Conceding he made a mistake in allowing them to reopen, Gov. Doug Ducey on Monday shuttered all bars in the state for at least the next 30 days.
Ditto gyms, water parks, movie theaters and tubing along Arizona rivers.
And schools won't open until at least Aug. 17, two weeks later than the planned start date for most districts on traditional calendars.
The moves come as Ducey acknowledged the explosion of cases of COVID-19 that started two weeks after his mid-May order reopening the state economy. That two weeks pretty much coincides with the incubation period of the virus when people are exposed.
"We're fixing it" the governor said when asked if he screwed up in letting bars reopen six weeks ago.
He separately banned gatherings of more than 50 people. Churches and political rallies are exempt.
This could put a damper on any planned Fourth of July celebrations, though he did give individual cities and towns the power to permit larger crowds, including to watch fireworks, if there are assurances there will be proper social distancing.
Public swimming pools, those run by cities or in hotels or motels, will have to restrict groups in or out of the water to no more than 10. For semi-private pools at apartment complexes and condos, owners will need to post notices about the 10-person limit.
But Ducey, who repeatedly hammers home the message that people are "safer at home," refused to reinstate his stay-at-home order. He said it's not necessary.
"The objective today is to slow the spread of this," the governor said. And Ducey said he believes the state can get infection levels back to where they were in the middle of May — when the restrictions were lifted — without an edict.
"I think Arizonans are smart and have common sense and will demonstrate responsibility," he said.
And what if the rate doesn't decline?
"I wake up every day and there is an additional set of problems," the governor responded. "And we solve them in their turn."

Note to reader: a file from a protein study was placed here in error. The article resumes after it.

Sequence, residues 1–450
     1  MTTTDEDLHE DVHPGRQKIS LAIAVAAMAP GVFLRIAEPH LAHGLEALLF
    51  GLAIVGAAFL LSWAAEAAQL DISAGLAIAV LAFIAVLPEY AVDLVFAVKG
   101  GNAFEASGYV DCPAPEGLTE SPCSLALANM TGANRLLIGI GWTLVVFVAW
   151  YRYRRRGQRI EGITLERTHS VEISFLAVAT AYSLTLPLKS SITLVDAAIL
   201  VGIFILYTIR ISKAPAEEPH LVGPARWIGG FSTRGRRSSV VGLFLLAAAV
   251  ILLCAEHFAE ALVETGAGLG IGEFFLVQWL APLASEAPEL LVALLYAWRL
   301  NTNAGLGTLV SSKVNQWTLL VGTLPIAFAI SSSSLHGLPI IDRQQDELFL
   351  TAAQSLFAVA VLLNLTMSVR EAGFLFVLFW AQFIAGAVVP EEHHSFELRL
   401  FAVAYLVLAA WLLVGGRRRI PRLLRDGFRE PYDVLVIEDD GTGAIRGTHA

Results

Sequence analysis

Back to school
Arizona Schools Chief Kathy Hoffman, in a prepared statement said she supports the two-week delay in sending students back to class.
"With COVID cases hitting new highs every week, it is clear it is not yet safe for students and teachers to return to school facilities," she said, noting that some districts with year-round schedules were set to reopen in the next few weeks.
But Hoffman said that schools are free to start distance learning earlier than Aug. 17 or to delay the start of the academic year.
Less clear, however, is how that affects the requirement for schools to be operating for 180 days to get full state funding. And that mandate was reaffirmed just a week ago when Ducey and Hoffman announced that schools needed to be open and operating for that many days if they want their share of $200 million of additional state aid that will be made available.
The delayed start will allow Tucson’s largest school district more time to prepare, including getting enough supplies like hand sanitizer, soap, masks and touchless water dispensers, said TUSD Superintendent Gabriel Trujillo.
“It's 14 days extra for us, and that 14 days could make a big difference in terms of supplies arriving,” he said. “Our biggest challenge right now is the supply chain.”
The additional time will also allow for more training for teachers to prepare for online learning and modified in-person instruction.
Pima County Schools Superintendent Dustin Williams says he appreciates the delayed start but that it should be even more flexible. He says schools need to have a 100% remote-learning option where they’ll still get full funding.
“To force schools to put the option of the five-day in-person instruction completely handcuffs them,” he said.
Trujillo is also critical of the requirement to offer 180 days of in-person instruction, which would take action from state lawmakers in a special session to change.